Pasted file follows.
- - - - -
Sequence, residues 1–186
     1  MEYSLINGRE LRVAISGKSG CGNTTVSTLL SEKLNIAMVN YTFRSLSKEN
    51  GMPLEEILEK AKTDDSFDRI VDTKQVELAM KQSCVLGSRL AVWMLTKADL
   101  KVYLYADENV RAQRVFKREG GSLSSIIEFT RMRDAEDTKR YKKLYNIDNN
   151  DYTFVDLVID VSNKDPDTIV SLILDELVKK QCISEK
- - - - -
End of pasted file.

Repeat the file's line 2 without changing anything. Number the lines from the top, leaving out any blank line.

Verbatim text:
     1  MEYSLINGRE LRVAISGKSG CGNTTVSTLL SEKLNIAMVN YTFRSLSKEN